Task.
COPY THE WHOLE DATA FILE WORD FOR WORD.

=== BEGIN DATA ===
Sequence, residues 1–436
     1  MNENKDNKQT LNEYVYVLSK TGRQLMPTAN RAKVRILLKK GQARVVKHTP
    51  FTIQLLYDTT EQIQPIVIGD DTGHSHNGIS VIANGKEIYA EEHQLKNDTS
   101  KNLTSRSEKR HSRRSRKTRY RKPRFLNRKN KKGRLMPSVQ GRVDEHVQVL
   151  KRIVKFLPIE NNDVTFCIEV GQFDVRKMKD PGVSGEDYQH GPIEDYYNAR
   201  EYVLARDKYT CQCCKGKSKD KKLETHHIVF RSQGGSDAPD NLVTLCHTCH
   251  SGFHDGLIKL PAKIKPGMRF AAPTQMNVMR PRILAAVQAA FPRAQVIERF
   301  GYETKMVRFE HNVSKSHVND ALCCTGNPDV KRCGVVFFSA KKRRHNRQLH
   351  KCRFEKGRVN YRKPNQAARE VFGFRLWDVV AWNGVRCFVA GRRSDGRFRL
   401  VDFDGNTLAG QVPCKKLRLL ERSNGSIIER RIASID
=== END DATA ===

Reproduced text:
Sequence, residues 1–436
     1  MNENKDNKQT LNEYVYVLSK TGRQLMPTAN RAKVRILLKK GQARVVKHTP
    51  FTIQLLYDTT EQIQPIVIGD DTGHSHNGIS VIANGKEIYA EEHQLKNDTS
   101  KNLTSRSEKR HSRRSRKTRY RKPRFLNRKN KKGRLMPSVQ GRVDEHVQVL
   151  KRIVKFLPIE NNDVTFCIEV GQFDVRKMKD PGVSGEDYQH GPIEDYYNAR
   201  EYVLARDKYT CQCCKGKSKD KKLETHHIVF RSQGGSDAPD NLVTLCHTCH
   251  SGFHDGLIKL PAKIKPGMRF AAPTQMNVMR PRILAAVQAA FPRAQVIERF
   301  GYETKMVRFE HNVSKSHVND ALCCTGNPDV KRCGVVFFSA KKRRHNRQLH
   351  KCRFEKGRVN YRKPNQAARE VFGFRLWDVV AWNGVRCFVA GRRSDGRFRL
   401  VDFDGNTLAG QVPCKKLRLL ERSNGSIIER RIASID